Wednesday, May 9, 2007


Hello, I’m Sue Clerc. We’ll be meeting tomorrow but I thought I’d give you some background now, and then quickly lower the tone of the conversation by responding to some of your posts.

Catherine Salmon, my co-author, asked me to record Raw and Nitro as Hall and Nash were leaving the WWF, as it was then, to go to WCW. Her cable company didn’t carry TNT…I’m not sure why I also needed to tape Raw. I think the Canadian network might’ve been editing broadcasts. Or it was a cunning plan to get me hooked on wrestling. In any case, I moved from really just taping shows for a friend to saying “no, really, I’m just taping them for a friend oh my God did you SEE THAT?”

Next thing I knew I was badgering Catherine with questions, memorizing the Hart family tree, and holding up lewd signs at Wrestlemania 13.

It’s OK. I’m over it now. In fact, after writing the book chapter and presenting 2 other papers based on wrestling, I stopped watching. Not cold turkey, but I didn’t require a patch or anything. Sure, there was a relapse. Possibly two. But I’m OK now. It’s been months since I looked at a wrestling news website, and I’ve watched bits and pieces of Raw the last couple of weeks but haven’t felt an undertow pulling me back in. I do keep a Mankind action figure in my office. During slow moments at work, he and my Librarian action figure occasionally engage in a match, but she’s pretty useless because only her arms have articulated joints so the only moves she’s capable of are a clothesline and maybe flying leg scissors. Also, Amazing Shushing Action is an even lamer finishing move than the People’s Elbow.

But I digress…

Since this is a university class, maybe I should mention our educational backgrounds. Catherine has a PhD in evolutionary psychology and teaches at Redlands in California. She and Don Symonds published a book about slash, Warrior Lovers, and she has written journal articles about slash. I have a PhD in Culture Studies, a JD, and an MLS. I’m a librarian at Southern Connecticut State University. I’ve written other book chapters about media fandom and presented papers on fandom, wrestling, and other subjects. We have both spent years in the media fan community and that was our basis for the chapter you’re reading—comparing and contrasting wrestling fans with the community we already knew.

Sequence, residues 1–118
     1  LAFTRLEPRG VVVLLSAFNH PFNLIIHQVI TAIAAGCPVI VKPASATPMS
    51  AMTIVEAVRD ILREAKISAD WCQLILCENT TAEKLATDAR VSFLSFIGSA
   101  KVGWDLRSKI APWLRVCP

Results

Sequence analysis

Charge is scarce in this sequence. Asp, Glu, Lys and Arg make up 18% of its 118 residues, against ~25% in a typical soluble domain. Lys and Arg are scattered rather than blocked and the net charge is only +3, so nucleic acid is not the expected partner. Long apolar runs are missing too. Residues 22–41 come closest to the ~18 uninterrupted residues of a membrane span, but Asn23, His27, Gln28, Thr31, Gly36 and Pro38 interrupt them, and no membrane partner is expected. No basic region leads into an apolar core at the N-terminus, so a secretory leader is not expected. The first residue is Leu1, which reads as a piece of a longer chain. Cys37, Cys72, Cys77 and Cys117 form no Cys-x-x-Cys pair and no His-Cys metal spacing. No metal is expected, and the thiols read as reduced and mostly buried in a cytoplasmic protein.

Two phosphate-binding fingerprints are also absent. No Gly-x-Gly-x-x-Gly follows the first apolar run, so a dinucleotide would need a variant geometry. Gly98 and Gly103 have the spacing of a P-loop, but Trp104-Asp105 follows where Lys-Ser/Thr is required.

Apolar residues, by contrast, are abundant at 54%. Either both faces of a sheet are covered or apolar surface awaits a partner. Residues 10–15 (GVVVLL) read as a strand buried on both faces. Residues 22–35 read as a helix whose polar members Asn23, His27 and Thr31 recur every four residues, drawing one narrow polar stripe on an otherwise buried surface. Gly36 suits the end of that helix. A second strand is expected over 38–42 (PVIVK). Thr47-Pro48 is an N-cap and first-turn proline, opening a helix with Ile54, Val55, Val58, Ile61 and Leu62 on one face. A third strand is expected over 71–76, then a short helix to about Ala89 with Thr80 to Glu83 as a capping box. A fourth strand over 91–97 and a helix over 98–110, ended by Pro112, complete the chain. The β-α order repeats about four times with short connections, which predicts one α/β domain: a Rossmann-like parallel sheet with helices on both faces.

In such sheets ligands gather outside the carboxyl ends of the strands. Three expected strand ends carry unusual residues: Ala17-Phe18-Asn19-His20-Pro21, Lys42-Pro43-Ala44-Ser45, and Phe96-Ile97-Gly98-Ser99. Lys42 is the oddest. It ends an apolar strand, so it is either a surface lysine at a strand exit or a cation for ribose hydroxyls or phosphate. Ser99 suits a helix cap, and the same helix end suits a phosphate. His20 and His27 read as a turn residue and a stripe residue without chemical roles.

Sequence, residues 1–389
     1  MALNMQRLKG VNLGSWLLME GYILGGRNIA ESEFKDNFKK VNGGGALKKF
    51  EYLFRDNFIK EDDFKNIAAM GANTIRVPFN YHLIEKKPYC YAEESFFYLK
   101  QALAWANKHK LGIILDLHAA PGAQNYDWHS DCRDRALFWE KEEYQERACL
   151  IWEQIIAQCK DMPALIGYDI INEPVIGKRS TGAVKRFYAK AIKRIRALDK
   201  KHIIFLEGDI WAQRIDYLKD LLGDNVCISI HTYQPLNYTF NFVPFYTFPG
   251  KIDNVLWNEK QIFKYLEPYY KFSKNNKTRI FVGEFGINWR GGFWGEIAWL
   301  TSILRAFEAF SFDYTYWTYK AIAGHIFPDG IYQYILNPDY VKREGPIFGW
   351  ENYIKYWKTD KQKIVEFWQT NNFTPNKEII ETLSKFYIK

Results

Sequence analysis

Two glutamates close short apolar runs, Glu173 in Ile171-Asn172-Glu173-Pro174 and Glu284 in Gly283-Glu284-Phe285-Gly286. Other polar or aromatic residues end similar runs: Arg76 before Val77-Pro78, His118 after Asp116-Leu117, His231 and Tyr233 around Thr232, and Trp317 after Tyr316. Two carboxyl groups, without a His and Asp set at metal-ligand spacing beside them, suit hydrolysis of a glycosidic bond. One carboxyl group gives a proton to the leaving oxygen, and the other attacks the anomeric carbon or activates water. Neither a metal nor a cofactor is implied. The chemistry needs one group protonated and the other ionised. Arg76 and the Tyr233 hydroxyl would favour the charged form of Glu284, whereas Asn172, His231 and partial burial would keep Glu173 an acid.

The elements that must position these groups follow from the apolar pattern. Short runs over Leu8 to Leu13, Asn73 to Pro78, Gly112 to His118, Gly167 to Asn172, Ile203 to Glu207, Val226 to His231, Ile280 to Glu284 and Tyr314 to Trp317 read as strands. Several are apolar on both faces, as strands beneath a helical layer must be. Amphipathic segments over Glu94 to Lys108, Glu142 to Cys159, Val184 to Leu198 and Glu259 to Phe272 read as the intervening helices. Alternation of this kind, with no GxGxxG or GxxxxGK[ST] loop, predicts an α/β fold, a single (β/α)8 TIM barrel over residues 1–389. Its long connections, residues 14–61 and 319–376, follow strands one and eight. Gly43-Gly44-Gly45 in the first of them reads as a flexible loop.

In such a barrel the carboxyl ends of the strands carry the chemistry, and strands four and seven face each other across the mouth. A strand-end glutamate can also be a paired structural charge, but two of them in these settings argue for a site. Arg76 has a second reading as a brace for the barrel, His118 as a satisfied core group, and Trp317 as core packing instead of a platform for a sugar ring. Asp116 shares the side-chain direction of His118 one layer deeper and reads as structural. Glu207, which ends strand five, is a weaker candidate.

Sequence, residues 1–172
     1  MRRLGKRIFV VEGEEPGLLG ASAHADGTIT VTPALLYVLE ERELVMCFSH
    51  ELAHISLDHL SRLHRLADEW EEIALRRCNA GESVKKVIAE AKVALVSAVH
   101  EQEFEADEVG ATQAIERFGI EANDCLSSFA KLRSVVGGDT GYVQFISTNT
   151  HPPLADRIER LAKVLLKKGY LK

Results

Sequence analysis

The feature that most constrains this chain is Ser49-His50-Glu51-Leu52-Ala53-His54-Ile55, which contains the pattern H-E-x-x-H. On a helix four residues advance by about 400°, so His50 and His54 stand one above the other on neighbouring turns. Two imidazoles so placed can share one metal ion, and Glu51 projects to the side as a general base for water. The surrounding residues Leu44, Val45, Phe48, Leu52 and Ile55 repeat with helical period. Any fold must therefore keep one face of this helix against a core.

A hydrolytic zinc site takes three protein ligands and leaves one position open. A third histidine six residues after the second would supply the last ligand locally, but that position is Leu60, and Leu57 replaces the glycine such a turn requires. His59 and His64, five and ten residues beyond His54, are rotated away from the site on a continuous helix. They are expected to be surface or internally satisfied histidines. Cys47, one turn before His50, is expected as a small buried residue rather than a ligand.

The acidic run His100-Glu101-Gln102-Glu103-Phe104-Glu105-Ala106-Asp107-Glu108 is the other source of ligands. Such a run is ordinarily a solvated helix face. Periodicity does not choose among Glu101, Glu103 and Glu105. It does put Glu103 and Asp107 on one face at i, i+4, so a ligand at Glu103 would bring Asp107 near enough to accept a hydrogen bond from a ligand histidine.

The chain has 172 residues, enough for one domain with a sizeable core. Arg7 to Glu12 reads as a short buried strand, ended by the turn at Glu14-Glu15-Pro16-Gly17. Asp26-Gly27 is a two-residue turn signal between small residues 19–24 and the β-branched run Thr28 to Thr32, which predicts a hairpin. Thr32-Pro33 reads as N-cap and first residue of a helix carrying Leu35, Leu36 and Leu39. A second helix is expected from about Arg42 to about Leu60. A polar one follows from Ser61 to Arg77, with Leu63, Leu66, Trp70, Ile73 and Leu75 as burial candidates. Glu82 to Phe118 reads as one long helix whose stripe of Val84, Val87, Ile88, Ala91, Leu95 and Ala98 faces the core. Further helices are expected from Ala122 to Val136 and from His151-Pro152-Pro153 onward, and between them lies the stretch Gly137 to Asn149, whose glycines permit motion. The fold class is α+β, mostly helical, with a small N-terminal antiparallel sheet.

As fascinating a work of rare genius as the chapter is, I hope we can discuss other things when we meet. I’m going to try to tack comments onto some of your posts now. Much of what I have to say will be tangential to the original post. As I browsed around last week, sometimes a word or phrase would remind me of an idea I’d had, a random observation, a senior moment of “you kids today with your Cenas and Lashleys…” So if I can get this to work, there will be comments scattered around about suffering, camera work and the 4th wall, and why I liked WWF/E better than WCW, Montreal, the deployment of reality in storylines being similar to historical novels and unlike scripted television, and possibly lascivious remarks about performers.


Sam Ford said...

Sue, I've really been enjoying your posts here today, and I am looking forward to your visit tomorrow. I think your perspective will really add to the dicussion we have been having about gender roles, fan agency, stereotypes in wrestling, and a variety of other issues, and your post and comments here definitely give us some food for thought.

Sue Clerc said...

Thanks, Sam.

Here's something I wanted to put in a comment but ran out of time to look for an original to hang it on.

Reality. I’ve written papers about this but here’s the gist: The use of reality in the wrestling narrative is more like historical fiction than it is like other scripted television. I’m not familiar enough with the current storylines to give a fresh example but I can tie this to the post about injuries. Sometimes an injury is just an injury and if the performer is central enough to the broad narrative, like HHH, there will be updates. This approach reminds you that even though you know the fights are staged, real injuries do occur. But sometimes an injury is used in a storyline, perhaps to set up a feud for the return of the injured performer. This approach uses the knowledge that real injuries occur in order to reinforce the emotional reality of the fictional narrative (“you hurt me for real and I’m going to avenge myself when I get back”). The tactical deployment of reality here is like an historical novel or, ooh!, the Da Vinci Code. It’s fiction, but uses pieces of history—reality—to give the fictional events resonance and an aura of reality (to add verisimilitude to an otherwise bald and unconvincing narrative. Gilbert & Sullivan).
Reality in a conventional drama or sitcom in the form of in-jokes or spousal stunt-casting (Brad Pitt on Friends, Tea Leoni on X Files), disrupts the fictional narrative by reminding you that the fictional characters aren’t real; undercutting the narrative by reminding viewers of the fictional construct.

Sam Ford said...

Sue, you make some interesting points here, and perhaps we can unpack them a little bit more in class tomorrow. The argument makes some degree of sense, though, and I think that calling wrestling "reality television" is somewhat problematic as well. The trouble is that wrestling has no direct parallel, but as many comparisons as we can use to bring to the fore various parts of the text sheds greater light on what people find intriguing about the wrestling text.